Category Archives: Conference

High(er) species diversity of Glyceriformia

goniadidae figHappy WormWednesday*!

One of our contributions at the International Polychaete Conference in Cardiff was a poster that dealt with how a combination of careful morphological examinations using the available literature and DNA barcoding of polychaetes in the families Glyceridae and Goniadidae from the West coast of Africa is indicating a much higher diversity than we can assign names to at the moment.

Head on over to our MIWA (Marine Invertebrates of Western Africa) blog to see the poster and learn more!

*that is an actual hashtag on Twitter – check it out!

A week of worms in Wales!

Does that not sound appealing?
It was actually a lovely event!

The IPC2016 logo © National Museum Wales

The IPC2016 logo © National Museum Wales

The 12th International Polychaete Conference took place in Cardiff, Wales during the first week of August. These events have been taking place every third year since 1981, and the previous one was in Sydney, Australia in 2013.

 

 

Polychaetologists assembled on the steps of the National Museum Cardiff (c) IPC2016

Polychaetologists anno 2016 assembled on the steps of the National Museum Cardiff © National Museum Wales

During an intensive week of presentations and posters spanning topics within Systematics, Phylogeny, Ecology, Methodologies, Biodiversity, Biodiversity and Ecology, Morphology, Reproduction & Larval Ecology, Development, and Polychaete studies, people had the chance to showcase their work, and learn more about what others are working on. The local organising committee invited us to “Have a happy conference, re-connecting with those already known, meeting correspondents for the first time, ans making new connections and new friends” – and I think we can safely say that the mission was accomplished!

Cardiff – and the National Museum Wales – was an excellent venue for “polychaetologists” from all over the globe.

Snapshots of Cardiff

Snapshots of Cardiff (photos: K.Kongshavn)

In all we were 190 attendees from about 30 countries present – including a sizeable Norwegian group! Some of us (below) gave talks, and most were also involved in posters. Results and material from large projects and surveys such as PolyNor (Polychaete diversity in Nordic Seas), MAREANO (Marine AREA database for NOrwegian waters),  NorBOL (The Norwegian Barcode of Life), and MIWA (Marine Invertebrates of West Africa) were all well incorporated in the Norwegian contributions.

There were in fact a lot of contributions involving one or more collaborators from a Norwegian institution (UM, NTNU, NIVA, The SARS center, NHM Oslo, Akvaplan-NIVA ++) being presented during the conference. It is really nice to see that the community is growing through recruitment of both students and international researchers.

Norwegian delegates lining up in the City Hall before the start of the banquet

Norwegian delegates lining up in the City Hall before the start of the banquet

As Torkild said in his excellent blog post (in Norwegian, translation by me):

Pins marking where participants come from - this was not quite completed when the photo was taken, but none the less - we beat Sweden!

Pins marking where participants come from – this was not quite completed when the photo was taken, but none the less..well represented!

With so many active participants in the field, a lot of exciting research is being carried out in Norway. Not only do we have many projects – large and small – running at our institutions involving our “regular” Norwegian collaborators; there is also a significant proportion of international participation in these projects.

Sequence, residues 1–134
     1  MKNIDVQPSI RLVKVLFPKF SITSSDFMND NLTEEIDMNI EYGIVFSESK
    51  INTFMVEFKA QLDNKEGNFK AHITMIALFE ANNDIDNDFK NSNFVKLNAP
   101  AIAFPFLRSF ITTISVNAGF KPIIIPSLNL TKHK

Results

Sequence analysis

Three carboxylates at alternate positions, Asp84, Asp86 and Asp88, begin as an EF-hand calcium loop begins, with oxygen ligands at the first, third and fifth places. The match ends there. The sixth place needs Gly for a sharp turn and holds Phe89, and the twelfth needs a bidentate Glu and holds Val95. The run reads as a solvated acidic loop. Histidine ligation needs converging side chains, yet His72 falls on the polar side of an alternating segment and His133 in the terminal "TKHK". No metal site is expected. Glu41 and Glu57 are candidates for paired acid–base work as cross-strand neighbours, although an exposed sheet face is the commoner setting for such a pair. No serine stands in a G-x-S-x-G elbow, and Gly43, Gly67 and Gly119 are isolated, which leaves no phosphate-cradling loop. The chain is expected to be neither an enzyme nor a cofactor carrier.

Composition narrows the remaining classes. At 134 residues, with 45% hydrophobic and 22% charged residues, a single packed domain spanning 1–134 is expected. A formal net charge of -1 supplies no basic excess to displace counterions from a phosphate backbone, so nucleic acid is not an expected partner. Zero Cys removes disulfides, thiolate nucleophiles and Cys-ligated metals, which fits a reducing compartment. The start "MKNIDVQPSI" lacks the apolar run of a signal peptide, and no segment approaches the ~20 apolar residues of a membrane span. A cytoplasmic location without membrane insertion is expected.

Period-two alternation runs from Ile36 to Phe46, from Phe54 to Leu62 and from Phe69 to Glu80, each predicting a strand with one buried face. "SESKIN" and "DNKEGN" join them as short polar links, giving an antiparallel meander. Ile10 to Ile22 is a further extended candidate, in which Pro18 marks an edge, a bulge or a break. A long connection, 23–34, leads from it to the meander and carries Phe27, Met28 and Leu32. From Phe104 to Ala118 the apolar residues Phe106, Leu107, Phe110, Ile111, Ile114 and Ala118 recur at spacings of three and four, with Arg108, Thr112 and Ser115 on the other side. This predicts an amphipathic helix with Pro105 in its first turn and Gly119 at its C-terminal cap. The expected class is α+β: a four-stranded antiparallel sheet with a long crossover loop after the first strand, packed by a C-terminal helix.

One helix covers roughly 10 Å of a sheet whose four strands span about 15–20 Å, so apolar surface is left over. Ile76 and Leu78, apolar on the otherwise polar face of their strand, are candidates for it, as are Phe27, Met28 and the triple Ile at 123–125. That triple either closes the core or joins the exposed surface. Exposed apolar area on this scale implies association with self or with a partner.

Furthermore, our activities enable researchers from all over the world to visit or loan from our scientific collections, and study the substantial (new) material that the projects are generating. It is nice to see that our efforts are being recognized in the international community! The recent flurry of activities has been well aided by the Norwegian Species Initiative (Artsprosjektet) (and the MIWA-project at UM).

The majority of our research is based on, or incorporates, museum material from our collections. The collections have been built over years, decades and even centuries, and continue to increase in scientific value as new science is added.

It is gratifying to see the material being used, and we hope it will gain even more attention in the aftermath of the conference.

From the poster session - these are some (!) of the posters we were involved in

From the poster session – these are some (!) of the posters we were involved in (photos: K.Kongshavn)

The University Museum was well represented, both in attendance, and in contributions. Below is a list of what we (co-)authored, presenting author is in bold, and University Museum people are in italics. We plan on posting some of the posters here, so stay tuned for that!

Presentations:

  • Giants vs pygmies: two strategies in the evolution of deep-sea quill worms (Onuphidae, Annelida)
    Nataliya Budaeva, Hannelore Paxton, Pedro Ribeiro, Pilar Haye, Dmitry Schepetov, Javier Sellanes, Endre Willassen
  • DNA barcoding contributing to new knowledge on diversity and distribution of Polychaeta (Annelida) in Norwegian and adjacent waters
    Torkild Bakken, Jon A. Kongsrud, Katrine Kongshavn, Eivind Oug, Tom Alvestad, Nataliya Budaeva, Arne Nygren, Endre Willassen
  • Diversity and phylogeny of Diopatra bristle worms (Onuphidae, Annelida) from West Africa
    Martin Hektoen, Nataliya Budaeva
  • Experiences after three years of automated DNA barcoding of Polychaeta
    Katrine Kongshavn, Jon Anders Kongsrud, Torkild Bakken, Tom Alvestad, Eivind Oug, Arne Nygren, Nataliya Budaeva, Endre Willassen

Posters

  • Diversity and species distributions of Glyceriformia in shelf areas off western Africa
    Lloyd Allotey, Akanbi Bamikole Williams, Jon Anders Kongsrud, Tom Alvestad, Katrine Kongshavn, Endre Willassen